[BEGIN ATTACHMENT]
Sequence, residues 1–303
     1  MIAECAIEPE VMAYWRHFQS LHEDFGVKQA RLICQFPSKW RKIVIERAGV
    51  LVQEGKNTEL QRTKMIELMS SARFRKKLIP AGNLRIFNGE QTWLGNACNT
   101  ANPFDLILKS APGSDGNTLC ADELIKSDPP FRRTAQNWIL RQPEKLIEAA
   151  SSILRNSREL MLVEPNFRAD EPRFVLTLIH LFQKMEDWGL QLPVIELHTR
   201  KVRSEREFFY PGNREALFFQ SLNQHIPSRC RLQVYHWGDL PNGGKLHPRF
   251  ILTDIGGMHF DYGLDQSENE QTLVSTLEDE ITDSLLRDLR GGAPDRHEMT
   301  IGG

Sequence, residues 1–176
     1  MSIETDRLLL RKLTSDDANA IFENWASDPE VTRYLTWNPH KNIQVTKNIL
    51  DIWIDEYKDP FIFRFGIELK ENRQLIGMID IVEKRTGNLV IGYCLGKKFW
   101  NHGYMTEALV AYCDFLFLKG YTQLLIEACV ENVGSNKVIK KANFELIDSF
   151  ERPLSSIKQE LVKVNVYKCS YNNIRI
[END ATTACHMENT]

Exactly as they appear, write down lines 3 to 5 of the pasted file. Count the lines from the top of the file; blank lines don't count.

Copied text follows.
    51  LVQEGKNTEL QRTKMIELMS SARFRKKLIP AGNLRIFNGE QTWLGNACNT
   101  ANPFDLILKS APGSDGNTLC ADELIKSDPP FRRTAQNWIL RQPEKLIEAA
   151  SSILRNSREL MLVEPNFRAD EPRFVLTLIH LFQKMEDWGL QLPVIELHTR